The re-colonization of the Santa Barbara channel by sea otters brings these ESA-listed marine mammals closer to active oil and gas production facilities, shipping lanes and naturally occurring oil and gas seeps. However, the degree to which sea otters may actually be affected by human-caused oil spills or exposure to natural oil seeps is currently unknown. Between 2012 and 2014, the U.S. Geological Survey and collaborating agencies conducted a telemetry-based study of sea otters in Santa Barbara channel, in order to provide critical information for resource managers (specifically the Bureau of Ocean Energy Management, henceforth BOEM, and the U.S. Fish and Wildlife Service, henceforth USFWS) about the spatial ecology, population status, and potential population threats to sea otters in Santa Barbara Channel, with particular reference to exposure to manmade structures and sources of oil and natural gas. Analysis of spatial monitoring data using a Bayesian-based synoptic model allowed for description of sea otter home ranges, identification of hot-spots of use, and insights into habitat selection behavior by male and female sea otters. Important findings included the deeper modal depth preferred by males versus females, strong preferences by both sexes for areas with persistent kelp canopy, and greater use of soft-sediment areas by males. The synoptic model also provided the ability to predict population-level density distribution for each sex in new habitats: by calculating the value of these probability density distributions at the known locations of natural seeps, we were able to identify those seeps with higher potential for sea otter encounters. The relative probability of occurrence at locations near to some seeps was sufficiently high (about 1% likelihood of occurrence for some of our study animals) that one would anticipate occasional encounters. Data on male and female survival, reproductive success, activity budgets, and body condition all indicated that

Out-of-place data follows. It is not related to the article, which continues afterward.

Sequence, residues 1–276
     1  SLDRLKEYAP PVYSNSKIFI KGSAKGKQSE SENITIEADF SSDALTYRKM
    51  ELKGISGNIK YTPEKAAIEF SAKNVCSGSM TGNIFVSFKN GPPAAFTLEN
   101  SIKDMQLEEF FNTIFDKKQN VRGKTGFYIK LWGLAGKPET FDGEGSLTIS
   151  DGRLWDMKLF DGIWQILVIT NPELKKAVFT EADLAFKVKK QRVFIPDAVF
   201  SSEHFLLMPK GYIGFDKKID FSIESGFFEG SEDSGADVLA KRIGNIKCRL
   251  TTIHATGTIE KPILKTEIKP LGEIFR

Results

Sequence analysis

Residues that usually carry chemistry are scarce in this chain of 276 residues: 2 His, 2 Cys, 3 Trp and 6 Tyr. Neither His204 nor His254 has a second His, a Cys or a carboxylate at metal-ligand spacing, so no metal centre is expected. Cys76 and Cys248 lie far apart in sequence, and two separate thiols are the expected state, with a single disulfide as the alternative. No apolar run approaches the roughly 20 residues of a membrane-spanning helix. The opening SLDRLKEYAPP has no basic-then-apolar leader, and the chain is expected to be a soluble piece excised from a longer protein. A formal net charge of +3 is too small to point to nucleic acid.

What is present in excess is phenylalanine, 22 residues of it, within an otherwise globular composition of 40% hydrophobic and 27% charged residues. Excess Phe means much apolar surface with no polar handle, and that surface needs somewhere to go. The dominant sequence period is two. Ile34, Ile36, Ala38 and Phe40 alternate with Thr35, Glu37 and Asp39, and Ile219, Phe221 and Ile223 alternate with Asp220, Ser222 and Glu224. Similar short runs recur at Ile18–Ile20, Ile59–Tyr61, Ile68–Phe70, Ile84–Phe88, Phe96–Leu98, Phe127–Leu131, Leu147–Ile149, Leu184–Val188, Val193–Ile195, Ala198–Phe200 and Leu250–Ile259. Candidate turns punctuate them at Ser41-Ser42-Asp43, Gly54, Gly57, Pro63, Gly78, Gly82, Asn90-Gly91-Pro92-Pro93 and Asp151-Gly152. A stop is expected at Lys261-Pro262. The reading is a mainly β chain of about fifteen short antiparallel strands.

18. Factors affecting seasonal habitat use, and predicted range of two tropical deer in Indonesian rainforest

    Science.gov (United States)

    Rahman, Dede Aulia; Gonzalez, Georges; Haryono, Mohammad; Muhtarom, Aom; Firdaus, Asep Yayus; Aulagnier, Stéphane

    2017-07-01

    There is an urgent recognized need for conservation of tropical forest deer. In order to identify some environmental factors affecting conservation, we analyzed the seasonal habitat use of two Indonesian deer species, Axis kuhlii in Bawean Island and Muntiacus muntjak in south-western Java Island, in response to several physical, climatic, biological, and anthropogenic variables. Camera trapping was performed in different habitat types during both wet and dry season to record these elusive species. The highest number of photographs was recorded in secondary forest and during the dry season for both Bawean deer and red muntjac. In models, anthropogenic and climatic variables were the main predictors of habitat use. Distances to cultivated area and to settlement were the most important for A. kuhlii in the dry season. Distances to cultivated area and annual rainfall were significant for M. muntjak in both seasons. Then we modelled their predictive range using Maximum entropy modelling (Maxent). We concluded that forest landscape is the fundamental scale for deer management, and that secondary forests are potentially important landscape elements for deer conservation. Important areas for conservation were identified accounting of habitat transformation in both study areas.

  19. Mexican spotted owl home range and habitat use in pine-oak forest: Implications for forest management

    Science.gov (United States)

    Joseph L. Ganey; William M. Block; Jeffrey S. Jenness; Randolph A. Wilson

    1998-01-01

    To better understand the habitat relationships of the Mexican spotted owl (Strix occidentalis lucida), and how such relationships might influence forest management, we studied home-range and habitat use of radio-marked owls in ponderosa pine (Pinus ponderosa) Gambel oak (Quercus gambelii) forest. Annual home-range size (95% adaptive-kernel estimate) averaged 895 ha...

  20. Ocean acidification limits temperature-induced poleward expansion of coral habitats around Japan

    Directory of Open Access Journals (Sweden)

    Y. Yara

    2012-12-01